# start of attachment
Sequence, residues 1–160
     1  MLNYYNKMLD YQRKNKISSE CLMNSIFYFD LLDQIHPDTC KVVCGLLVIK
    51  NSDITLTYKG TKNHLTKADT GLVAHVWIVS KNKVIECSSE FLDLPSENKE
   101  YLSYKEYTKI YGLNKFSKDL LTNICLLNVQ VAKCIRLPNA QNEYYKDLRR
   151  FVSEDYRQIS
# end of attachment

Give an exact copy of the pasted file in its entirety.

Sequence, residues 1–160
     1  MLNYYNKMLD YQRKNKISSE CLMNSIFYFD LLDQIHPDTC KVVCGLLVIK
    51  NSDITLTYKG TKNHLTKADT GLVAHVWIVS KNKVIECSSE FLDLPSENKE
   101  YLSYKEYTKI YGLNKFSKDL LTNICLLNVQ VAKCIRLPNA QNEYYKDLRR
   151  FVSEDYRQIS